We live in the Information Age. We are positively swimming in data. And the vast majority of that information exists in digital form. What would happen if there were an enormous solar flare and all the world’s computers were fried instantaneously?
How much would we lose? What would be left? Could civilization carry on?
Another way to look at it — one million years from now, what will remain? The pyramids, perhaps, but what about Hamlet or The Fresh Prince of Bel Air? Anything written in a book will be long-since decomposed, as will computer chips and the computers needed to read them.
A Ceramicist on a Mission
These were the questions that were keeping Martin Kunze up at night. As a ceramicist, he makes his living selling funky vases and plates to tourists who pass through his small alpine village of Gmunden, Austria.
Then one day he realized something: He was already creating objects that would remain in one million years. Super hard ceramics aren’t too different from fossils and are much stronger than the pieces of pottery from ancient civilizations that we dig up today.
So he started laser-engraving ceramic tablets roughly the size of bathroom tiles with information to be read by future generations. They are dated according to astronomical events, not with numbers; it’s unclear if people (or cyborgs or aliens) millions of years from now will be familiar with our numerical system.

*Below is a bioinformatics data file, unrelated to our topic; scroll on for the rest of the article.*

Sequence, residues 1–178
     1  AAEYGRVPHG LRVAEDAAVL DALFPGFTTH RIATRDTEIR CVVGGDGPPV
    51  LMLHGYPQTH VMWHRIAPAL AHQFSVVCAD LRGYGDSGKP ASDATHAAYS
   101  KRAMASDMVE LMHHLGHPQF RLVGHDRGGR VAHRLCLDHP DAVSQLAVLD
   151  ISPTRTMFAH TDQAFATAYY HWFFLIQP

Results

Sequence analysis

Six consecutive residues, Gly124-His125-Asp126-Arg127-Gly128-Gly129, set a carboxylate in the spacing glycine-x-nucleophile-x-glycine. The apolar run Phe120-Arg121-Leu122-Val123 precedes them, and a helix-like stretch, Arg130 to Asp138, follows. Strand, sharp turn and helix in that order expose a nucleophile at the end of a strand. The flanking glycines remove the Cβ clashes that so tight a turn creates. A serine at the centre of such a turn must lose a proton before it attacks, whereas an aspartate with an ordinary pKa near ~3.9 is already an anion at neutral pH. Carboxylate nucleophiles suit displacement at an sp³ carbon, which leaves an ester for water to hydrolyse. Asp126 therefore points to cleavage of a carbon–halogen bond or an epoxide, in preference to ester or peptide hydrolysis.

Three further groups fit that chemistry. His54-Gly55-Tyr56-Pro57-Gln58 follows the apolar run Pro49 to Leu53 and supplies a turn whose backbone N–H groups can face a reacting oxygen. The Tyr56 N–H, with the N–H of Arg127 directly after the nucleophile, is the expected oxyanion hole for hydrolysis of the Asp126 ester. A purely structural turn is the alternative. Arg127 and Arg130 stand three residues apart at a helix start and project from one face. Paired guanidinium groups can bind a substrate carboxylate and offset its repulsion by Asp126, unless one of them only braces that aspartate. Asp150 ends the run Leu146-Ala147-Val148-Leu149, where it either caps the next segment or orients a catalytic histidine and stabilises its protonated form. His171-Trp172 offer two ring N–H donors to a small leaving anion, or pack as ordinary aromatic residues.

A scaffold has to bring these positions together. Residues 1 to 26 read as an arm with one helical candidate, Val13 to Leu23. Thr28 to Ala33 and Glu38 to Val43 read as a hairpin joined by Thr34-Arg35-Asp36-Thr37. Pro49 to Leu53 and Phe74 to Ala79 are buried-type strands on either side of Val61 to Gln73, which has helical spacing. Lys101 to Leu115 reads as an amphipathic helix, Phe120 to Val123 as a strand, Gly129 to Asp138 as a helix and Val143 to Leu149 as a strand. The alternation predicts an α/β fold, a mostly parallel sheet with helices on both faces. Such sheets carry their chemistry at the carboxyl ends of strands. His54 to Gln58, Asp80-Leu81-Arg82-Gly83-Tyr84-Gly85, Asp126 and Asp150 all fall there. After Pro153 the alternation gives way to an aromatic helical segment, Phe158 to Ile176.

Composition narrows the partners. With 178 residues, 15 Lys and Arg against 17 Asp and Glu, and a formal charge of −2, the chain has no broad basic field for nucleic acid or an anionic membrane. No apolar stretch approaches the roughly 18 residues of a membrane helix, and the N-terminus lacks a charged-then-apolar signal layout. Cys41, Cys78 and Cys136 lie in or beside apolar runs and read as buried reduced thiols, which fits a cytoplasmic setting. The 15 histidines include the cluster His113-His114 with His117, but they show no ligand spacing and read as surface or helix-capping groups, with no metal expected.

Where text is included, he has etched in a pictograph, so they can understand our letters and words.
Where to bury them?
All he needed was somewhere to bury them. Luckily, there is a salt mine a mile and a half into a nearby mountain. What’s more, the owners of the mine had no problem giving their local eccentric a corner of his own. Thanks to the machinations of geology, the archive will slowly, over millennia, rise up on salt crystals to the surface of the earth.
As the project grew, and Kunze began soliciting requests from across the globe, he gave the project a name: Memory of Mankind project (or MOM). The archive now holds over 500 ceramic tablets, and it continues to grow.
How the Ceramic Tablets are Made
The process for making a tablet is rather straightforward. A digital file is run through a laser engraver that uses a special ceramic stain to print directly onto the tablet. Kunze has even developed a technique that he calls “ceramic microfilm” that allows him to fit up to five 400-page books on a single tablet.
True to its mission of offering “a breath of immortality for everyone,” you can go to the MOM website and type your own message that you want engraved onto a ceramic tablet for future generations to find.
To read the entire article, click here: The Time Capsule That’s as Big as Human History
About IRD Ceramics
The sister division of IRD Glass, IRD Ceramics works with Sapphire, Macor, YTZP Zirconium, silicon nitride, and other Super Hard materials.
Our state-of-the-art equipment, advanced precision ceramic machining and polishing capabilities, and in-house thin film coating facility allow us to produce 100% customized components at low or high volume.
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